Related Characters: Correspondent, Captain, Cook
Explanation and Analysis:
Get the entire The Open Boat LitChart as a printable PDF.
The Open Boat PDF

Cook Character Timeline in The Open Boat

The timeline below shows where the character Cook appears in The Open Boat. The colored dots and icons indicate which themes are associated with that appearance.
Part I
Suffering, Survival, Empathy, and Community Theme Icon
Certainty and Uncertainty  Theme Icon
The first passenger is the cook, who is in charge of bailing water out of the lifeboat. The oiler (that is,... (full context)
Certainty and Uncertainty  Theme Icon
The cook says that there is a “house of refuge” close by, near Mosquito Inlet, so the... (full context)
Part II
Humans vs. Nature Theme Icon
Suffering, Survival, Empathy, and Community Theme Icon
The cook expresses relief that there is an on-shore wind, stating that without it, the men wouldn’t... (full context)
Certainty and Uncertainty  Theme Icon
The oiler, the cook, and the correspondent feel optimistic but don’t voice it, because they feel that voicing their... (full context)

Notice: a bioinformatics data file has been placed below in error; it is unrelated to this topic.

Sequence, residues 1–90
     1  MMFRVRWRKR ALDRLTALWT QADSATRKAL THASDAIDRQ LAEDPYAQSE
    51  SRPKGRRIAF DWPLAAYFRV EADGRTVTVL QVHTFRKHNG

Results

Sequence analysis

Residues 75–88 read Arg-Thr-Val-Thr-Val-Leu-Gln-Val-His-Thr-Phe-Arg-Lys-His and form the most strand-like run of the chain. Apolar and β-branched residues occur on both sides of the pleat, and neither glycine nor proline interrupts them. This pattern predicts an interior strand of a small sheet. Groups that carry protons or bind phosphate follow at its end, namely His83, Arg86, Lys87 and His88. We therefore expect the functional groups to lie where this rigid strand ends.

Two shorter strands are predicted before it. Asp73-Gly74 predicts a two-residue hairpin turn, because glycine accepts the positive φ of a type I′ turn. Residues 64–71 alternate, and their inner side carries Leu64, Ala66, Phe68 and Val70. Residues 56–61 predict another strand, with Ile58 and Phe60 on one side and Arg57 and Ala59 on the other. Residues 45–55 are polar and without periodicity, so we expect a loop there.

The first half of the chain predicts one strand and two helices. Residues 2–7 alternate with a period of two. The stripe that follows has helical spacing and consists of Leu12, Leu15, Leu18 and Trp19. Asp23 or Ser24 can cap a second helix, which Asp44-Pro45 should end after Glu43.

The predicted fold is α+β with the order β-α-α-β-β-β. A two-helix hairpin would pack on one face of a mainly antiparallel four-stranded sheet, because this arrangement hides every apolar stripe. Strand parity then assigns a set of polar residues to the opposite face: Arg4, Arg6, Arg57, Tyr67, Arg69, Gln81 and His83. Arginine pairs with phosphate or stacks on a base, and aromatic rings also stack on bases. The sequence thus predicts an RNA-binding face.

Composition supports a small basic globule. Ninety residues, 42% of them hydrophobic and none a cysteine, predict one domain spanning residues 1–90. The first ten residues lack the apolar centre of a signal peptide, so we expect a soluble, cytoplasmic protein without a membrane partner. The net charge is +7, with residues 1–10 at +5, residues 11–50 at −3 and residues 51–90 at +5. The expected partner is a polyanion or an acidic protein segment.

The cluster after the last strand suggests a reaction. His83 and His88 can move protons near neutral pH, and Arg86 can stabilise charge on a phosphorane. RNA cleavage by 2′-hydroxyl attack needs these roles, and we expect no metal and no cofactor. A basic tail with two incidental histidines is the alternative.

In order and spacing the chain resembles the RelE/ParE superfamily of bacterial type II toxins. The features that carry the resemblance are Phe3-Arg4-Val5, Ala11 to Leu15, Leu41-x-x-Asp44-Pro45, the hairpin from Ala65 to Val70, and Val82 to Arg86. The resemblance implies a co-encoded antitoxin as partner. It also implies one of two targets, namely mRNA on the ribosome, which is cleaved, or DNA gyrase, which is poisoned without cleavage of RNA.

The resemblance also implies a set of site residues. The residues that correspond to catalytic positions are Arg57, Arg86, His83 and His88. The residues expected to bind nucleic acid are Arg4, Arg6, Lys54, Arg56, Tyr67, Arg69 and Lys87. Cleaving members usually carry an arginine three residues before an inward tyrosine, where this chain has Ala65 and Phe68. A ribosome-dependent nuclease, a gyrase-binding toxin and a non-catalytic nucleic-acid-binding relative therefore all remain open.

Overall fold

Part III
Certainty and Uncertainty  Theme Icon
The cook and the correspondent attach the captain’s coat to the mast as a makeshift sail, which... (full context)
Part IV
Certainty and Uncertainty  Theme Icon
The captain realizes the house of refuge is empty, telling the cook, “there don’t seem to be any signs of life about your house of refuge,” to... (full context)
Humans vs. Nature Theme Icon
Suffering, Survival, Empathy, and Community Theme Icon
Fate and Mortality Theme Icon
...complaints and the infrequent “subdued growl of a crest,” the night is quiet. Half-awake, the cook sleepily asks the oiler what his favorite flavor of pie is. (full context)
Part V